3. Jane — awesome story. (I used to live in Sacramento, so I can use the word.) I’m so jealous of your ability to create these stories. I almost used an exclamation point.) Anyway, glad I stumbled across you in the Twitterverse because you’ve become my smoke-break here at work. (I don’t smoke but think it’s only fair that I enjoy some sort of addiction at the office like everyone else.)

  4. I’m a grrrl who has one night stands with exclamation points, who likes the lack of commitment of an ellipsis, the breathy pause of a comma, the conclusive end of a period, the promise of an indent.

    My whole life, I’ve been drawn to trees, leaves, and forests in every season. My first love was a man who always pulled me off the trail and into the rough.

  5. I love trees. When the sun seres through brilliant blue skies at over 100 degrees, a dense mesquite is a refuge, a bosque is an oasis; and living within one helps me survive this harsh desert environment. The exclamation point? I write with them rarely, but speak in them routinely. Doing so has nothing to do with others’ ease, but reflects my general attitude. I’m a glass half-full, sun’ll-come-up-tomorrow kind of gal. And Minnesota? Never been there. But your writing tempts me to venture out, you know, like going to the zoo or a day at the museum, just to have a look.

  6. Exclamation points are only good when expressing anger, shock, or resentment. For example; “I sat by the phone but he NEVER fucking called! Bastard!” It’s the only time the exclamation point really feels authentic. Regarding the trees, well, as an ex-Michigander I can relate. I do miss the snow, about twice a year, but the rest of the time I’m just happy that I can see the sun in Texas.

  7. I’ve not seen Minnesota trees, but have seen redwoods of NoCal & Douglas Fir of Oregon. Here in PA its firs & pines & cedars are gorgeous. All trees are beautiful. But clearly you are yearning for California. Personally, having lived in SoCal for 3 years in grad school and NoCal for 5 years working I wholeheartedly recommend NoCal, Sacto, SF Peninsula & Mendocino are clearly where your muse lies.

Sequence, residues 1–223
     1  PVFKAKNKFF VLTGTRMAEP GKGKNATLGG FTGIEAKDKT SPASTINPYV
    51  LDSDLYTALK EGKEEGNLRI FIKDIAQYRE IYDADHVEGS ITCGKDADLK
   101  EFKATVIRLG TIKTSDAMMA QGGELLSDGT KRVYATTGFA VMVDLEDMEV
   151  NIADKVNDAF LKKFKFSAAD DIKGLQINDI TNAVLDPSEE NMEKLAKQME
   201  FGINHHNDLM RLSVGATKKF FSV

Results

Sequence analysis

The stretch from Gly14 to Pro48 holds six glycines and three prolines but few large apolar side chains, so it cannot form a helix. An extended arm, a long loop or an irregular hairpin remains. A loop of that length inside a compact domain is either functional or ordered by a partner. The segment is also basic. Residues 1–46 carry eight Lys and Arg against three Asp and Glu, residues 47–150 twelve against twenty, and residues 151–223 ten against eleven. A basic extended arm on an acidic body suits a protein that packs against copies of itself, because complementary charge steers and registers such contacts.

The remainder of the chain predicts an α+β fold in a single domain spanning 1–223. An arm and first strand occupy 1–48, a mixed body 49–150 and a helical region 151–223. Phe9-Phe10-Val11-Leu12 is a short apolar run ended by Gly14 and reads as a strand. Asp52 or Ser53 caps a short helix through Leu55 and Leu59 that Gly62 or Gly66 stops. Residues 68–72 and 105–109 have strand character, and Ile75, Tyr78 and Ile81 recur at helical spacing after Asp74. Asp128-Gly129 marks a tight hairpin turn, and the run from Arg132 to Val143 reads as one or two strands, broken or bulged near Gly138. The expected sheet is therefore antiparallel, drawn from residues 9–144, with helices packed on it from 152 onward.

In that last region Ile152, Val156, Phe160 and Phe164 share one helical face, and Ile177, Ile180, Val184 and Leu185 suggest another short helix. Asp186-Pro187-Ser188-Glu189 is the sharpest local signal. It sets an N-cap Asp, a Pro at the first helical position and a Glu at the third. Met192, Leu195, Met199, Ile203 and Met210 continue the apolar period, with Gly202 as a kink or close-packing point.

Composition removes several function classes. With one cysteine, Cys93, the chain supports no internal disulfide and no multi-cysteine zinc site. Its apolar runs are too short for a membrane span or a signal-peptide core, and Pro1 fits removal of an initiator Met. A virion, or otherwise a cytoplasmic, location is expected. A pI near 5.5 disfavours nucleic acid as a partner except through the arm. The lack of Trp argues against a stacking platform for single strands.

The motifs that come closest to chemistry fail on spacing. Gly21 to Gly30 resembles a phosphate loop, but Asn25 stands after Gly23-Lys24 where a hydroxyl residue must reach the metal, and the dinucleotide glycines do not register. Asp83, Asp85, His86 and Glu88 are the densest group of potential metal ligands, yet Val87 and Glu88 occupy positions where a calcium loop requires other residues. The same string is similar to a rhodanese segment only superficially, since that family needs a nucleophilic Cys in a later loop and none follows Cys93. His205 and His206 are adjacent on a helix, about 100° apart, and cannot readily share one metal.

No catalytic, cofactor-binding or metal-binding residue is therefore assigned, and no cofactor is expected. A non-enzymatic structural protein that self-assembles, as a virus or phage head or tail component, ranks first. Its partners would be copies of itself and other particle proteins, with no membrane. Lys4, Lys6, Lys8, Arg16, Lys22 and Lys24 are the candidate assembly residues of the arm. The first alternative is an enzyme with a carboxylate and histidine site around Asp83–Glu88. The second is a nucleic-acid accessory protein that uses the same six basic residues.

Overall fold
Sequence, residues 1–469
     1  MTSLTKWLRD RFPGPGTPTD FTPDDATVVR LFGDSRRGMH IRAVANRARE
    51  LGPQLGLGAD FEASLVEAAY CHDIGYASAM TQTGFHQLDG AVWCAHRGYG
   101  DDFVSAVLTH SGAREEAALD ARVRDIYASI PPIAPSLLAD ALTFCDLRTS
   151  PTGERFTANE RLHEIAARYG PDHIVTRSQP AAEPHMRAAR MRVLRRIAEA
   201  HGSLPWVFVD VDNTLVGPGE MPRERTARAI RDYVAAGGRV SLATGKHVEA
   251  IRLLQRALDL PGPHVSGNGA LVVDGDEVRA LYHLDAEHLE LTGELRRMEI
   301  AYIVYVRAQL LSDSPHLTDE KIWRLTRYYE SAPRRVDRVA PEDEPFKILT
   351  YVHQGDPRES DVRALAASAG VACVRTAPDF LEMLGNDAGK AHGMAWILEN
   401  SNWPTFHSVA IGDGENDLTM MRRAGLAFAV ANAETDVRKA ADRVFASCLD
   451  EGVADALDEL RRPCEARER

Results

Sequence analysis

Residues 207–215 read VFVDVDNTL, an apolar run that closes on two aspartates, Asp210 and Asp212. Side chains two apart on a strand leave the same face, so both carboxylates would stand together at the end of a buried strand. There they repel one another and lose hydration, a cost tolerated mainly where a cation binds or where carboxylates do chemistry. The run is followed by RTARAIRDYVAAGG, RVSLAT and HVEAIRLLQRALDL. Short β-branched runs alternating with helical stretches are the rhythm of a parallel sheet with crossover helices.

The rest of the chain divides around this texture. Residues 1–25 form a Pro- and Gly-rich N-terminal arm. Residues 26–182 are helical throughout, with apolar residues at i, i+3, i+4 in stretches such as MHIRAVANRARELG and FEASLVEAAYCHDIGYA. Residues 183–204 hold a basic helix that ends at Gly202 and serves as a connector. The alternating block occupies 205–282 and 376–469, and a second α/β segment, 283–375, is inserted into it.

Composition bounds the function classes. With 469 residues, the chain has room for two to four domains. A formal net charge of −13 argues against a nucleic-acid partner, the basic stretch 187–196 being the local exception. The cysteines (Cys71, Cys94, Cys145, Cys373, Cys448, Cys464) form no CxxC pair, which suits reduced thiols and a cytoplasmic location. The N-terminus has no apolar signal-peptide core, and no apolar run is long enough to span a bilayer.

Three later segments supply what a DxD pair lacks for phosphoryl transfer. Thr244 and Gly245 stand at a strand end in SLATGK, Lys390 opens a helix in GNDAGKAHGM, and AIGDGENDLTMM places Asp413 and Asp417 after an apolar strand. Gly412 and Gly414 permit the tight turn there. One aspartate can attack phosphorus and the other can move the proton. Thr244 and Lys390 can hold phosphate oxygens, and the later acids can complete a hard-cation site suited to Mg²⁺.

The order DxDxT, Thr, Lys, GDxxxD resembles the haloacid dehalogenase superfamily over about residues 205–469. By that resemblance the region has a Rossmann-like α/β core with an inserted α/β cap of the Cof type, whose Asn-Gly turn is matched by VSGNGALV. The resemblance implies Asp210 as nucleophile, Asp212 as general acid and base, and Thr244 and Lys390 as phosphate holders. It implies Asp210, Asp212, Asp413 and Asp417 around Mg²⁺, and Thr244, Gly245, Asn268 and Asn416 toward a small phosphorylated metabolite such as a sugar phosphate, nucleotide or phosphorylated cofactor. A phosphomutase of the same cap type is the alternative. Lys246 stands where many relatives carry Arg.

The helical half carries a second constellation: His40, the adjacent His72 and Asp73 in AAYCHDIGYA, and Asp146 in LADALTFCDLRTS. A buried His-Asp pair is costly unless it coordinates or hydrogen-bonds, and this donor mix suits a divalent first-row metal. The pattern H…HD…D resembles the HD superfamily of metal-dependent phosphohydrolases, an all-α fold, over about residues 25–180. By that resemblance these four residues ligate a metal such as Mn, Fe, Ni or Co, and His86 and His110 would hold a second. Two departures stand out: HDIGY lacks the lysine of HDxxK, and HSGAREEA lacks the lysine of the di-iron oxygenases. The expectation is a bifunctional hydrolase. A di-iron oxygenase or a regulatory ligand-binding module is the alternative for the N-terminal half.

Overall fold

8. My daddy planted those trees! But for the very first time in 60 years I’m asking myself why. Dad was from ND. Mom from MN. He was at the CCC camp in Cass Lake when they met. One of the many interesting things he did there was plant trees. But why in Minnesota where they already had so many instead of North Dakota where there were none. My childhood was filled with conversations with lots of exclamation points about the trees and lakes of Minnesota and the lack of both in North Dakota. Thanks for the reminder of the fun we had. You are right though. They weren’t nearly so pretty when I went back and saw them as an adult. I’ve missed you.

  9. So glad you are back, Jane. You have been missed. We have some nice palm trees in Florida also but of course hurricane season starts tomorrow.

  10. That’s so fuckin’ awesome!!!!!!! dude.

    :|

    i couldn’t resist. i’m a California native. i have my rights….well, at least some of them.

    Jane, your stories never fail to make me laugh. It’s a sick knowing kinda laugh. These people. I swear i’ve met them all.

  11. You’re funny. And smart. And a kick-ass writer.

    I love nature and trees so the title of this post intrigued me, but the trees you described, I’ve experienced too. In Indiana. The creepy, weird, gang-like trees. Sheer quantity of something lessens it’s beauty somehow.

  12. dear Jane, I am so glad you’re back. I found out by accident and was thrilled to find your gifted prose on my screen. Thanks. (after 10 years in the high desert-which I love- I must say that I miss the Wisconsin lakes and trees). Guess the grass is always greener.

  13. I can so relate with the trees. The sheer number of them is what I disliked most about New Jersey and Maryland. I could never tell where I was or where I was going. I always felt lost.